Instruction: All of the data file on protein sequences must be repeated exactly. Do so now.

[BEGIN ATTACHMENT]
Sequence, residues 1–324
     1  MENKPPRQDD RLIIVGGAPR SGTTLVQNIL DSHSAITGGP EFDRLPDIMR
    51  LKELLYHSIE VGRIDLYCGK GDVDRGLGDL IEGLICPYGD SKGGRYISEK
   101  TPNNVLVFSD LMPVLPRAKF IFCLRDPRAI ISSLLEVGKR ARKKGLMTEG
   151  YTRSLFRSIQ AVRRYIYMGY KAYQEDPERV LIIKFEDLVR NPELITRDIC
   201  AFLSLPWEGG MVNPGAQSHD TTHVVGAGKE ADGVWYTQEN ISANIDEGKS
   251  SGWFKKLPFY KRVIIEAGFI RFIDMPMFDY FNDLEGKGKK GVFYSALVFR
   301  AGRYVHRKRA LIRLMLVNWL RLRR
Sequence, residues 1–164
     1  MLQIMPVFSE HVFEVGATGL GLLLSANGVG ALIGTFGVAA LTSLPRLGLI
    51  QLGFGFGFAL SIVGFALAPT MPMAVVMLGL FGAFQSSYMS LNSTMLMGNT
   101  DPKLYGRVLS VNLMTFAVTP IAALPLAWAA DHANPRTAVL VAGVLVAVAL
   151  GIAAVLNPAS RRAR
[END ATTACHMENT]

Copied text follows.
Sequence, residues 1–324
     1  MENKPPRQDD RLIIVGGAPR SGTTLVQNIL DSHSAITGGP EFDRLPDIMR
    51  LKELLYHSIE VGRIDLYCGK GDVDRGLGDL IEGLICPYGD SKGGRYISEK
   101  TPNNVLVFSD LMPVLPRAKF IFCLRDPRAI ISSLLEVGKR ARKKGLMTEG
   151  YTRSLFRSIQ AVRRYIYMGY KAYQEDPERV LIIKFEDLVR NPELITRDIC
   201  AFLSLPWEGG MVNPGAQSHD TTHVVGAGKE ADGVWYTQEN ISANIDEGKS
   251  SGWFKKLPFY KRVIIEAGFI RFIDMPMFDY FNDLEGKGKK GVFYSALVFR
   301  AGRYVHRKRA LIRLMLVNWL RLRR
Sequence, residues 1–164
     1  MLQIMPVFSE HVFEVGATGL GLLLSANGVG ALIGTFGVAA LTSLPRLGLI
    51  QLGFGFGFAL SIVGFALAPT MPMAVVMLGL FGAFQSSYMS LNSTMLMGNT
   101  DPKLYGRVLS VNLMTFAVTP IAALPLAWAA DHANPRTAVL VAGVLVAVAL
   151  GIAAVLNPAS RRAR